This edition: Processes of Change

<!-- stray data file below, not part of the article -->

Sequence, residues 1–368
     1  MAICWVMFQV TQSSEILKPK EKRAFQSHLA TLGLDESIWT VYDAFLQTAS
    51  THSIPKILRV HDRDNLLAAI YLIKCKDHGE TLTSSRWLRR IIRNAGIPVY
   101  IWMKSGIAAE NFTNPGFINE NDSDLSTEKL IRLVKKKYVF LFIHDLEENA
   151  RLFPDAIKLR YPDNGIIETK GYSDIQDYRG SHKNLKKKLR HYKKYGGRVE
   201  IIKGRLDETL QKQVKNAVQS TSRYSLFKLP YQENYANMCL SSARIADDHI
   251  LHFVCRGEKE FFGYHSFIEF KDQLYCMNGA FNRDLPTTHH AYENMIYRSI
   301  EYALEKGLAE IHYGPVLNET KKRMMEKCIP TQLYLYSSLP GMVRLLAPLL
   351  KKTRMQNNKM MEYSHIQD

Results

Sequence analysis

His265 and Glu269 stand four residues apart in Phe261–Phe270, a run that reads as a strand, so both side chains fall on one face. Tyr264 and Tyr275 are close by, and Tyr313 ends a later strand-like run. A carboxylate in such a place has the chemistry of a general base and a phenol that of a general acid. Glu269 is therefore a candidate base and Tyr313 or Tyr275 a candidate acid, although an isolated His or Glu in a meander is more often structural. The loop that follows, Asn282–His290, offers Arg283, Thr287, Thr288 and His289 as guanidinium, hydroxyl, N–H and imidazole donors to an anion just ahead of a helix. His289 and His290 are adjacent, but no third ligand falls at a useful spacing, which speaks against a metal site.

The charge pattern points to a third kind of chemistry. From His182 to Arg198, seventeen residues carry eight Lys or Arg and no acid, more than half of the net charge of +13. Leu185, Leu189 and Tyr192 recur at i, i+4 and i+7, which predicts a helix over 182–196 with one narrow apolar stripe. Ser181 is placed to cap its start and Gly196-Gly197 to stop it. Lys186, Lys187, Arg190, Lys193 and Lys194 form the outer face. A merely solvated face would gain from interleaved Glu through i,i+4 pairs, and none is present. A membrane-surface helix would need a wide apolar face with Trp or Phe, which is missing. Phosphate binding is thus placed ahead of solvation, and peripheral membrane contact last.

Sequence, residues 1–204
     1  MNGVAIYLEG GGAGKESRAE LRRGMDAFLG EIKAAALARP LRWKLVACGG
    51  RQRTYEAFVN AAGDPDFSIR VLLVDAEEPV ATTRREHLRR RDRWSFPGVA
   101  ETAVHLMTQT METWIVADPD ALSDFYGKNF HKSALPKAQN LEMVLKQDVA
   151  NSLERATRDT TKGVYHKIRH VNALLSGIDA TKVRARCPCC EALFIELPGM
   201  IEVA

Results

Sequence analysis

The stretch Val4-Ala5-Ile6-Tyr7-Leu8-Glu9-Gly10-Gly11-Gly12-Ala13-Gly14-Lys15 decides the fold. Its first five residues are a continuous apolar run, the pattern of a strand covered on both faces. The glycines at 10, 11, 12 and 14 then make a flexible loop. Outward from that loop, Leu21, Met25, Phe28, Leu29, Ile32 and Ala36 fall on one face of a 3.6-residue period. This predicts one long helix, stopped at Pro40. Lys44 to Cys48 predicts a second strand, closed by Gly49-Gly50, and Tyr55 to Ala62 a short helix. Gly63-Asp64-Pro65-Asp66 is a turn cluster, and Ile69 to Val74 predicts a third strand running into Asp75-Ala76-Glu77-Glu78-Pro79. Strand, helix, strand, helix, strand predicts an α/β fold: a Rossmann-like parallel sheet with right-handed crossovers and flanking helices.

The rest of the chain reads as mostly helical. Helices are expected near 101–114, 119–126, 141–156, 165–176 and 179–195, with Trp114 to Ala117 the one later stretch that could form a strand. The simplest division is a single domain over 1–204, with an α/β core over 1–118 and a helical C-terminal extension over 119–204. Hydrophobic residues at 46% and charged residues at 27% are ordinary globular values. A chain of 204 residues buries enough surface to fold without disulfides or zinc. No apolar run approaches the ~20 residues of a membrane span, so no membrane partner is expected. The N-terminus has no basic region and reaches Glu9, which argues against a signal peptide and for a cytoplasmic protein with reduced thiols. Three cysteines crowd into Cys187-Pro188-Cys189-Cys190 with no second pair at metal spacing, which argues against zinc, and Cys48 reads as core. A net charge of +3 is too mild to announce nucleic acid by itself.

At the beginning of this lesson, anthropologist Leo Chavez comments that culture “is always transforming itself, always changing. It is always in the process of becoming something else.” Throughout history, cultures have changed because of environmental conditions, internal pressures, or external forces. Change comes quickly, or it may occur slowly. In any event, anthropologists chronicle cultural change and offer explanations as to why it happens. Anthropologist Eugene Cooper has tracked cultural change as reflected in the craft of Chinese furniture- making during the 1970s and 1980s, emphasizing that societies change with the use of new technologies. The key term “diffusion“ is introduced and discussed within the context of the spread of the English language from the anthropologist to the group she/he studies. The lesson illuminates some of the benefits and problems that immigration poses for a culture. It focuses on the current migration of Mexicans and Central Americans to the United States. It illustrates why the Minutemen Civil Defense Corps was founded, and how their goals were formed in response to the perception that too many Mexican citizens were coming across the border into the United States illegally. In contrast, the human rights organization El Rescate was formed in 1981 in Los Angeles to assist individuals who had escaped the chaos in Central America and who sought refuge here. Both groups offer their own perspective on the impact of immigrants on American culture. The lesson also offers contextual information on post-colonialism and explains the differences between rebellion and revolution.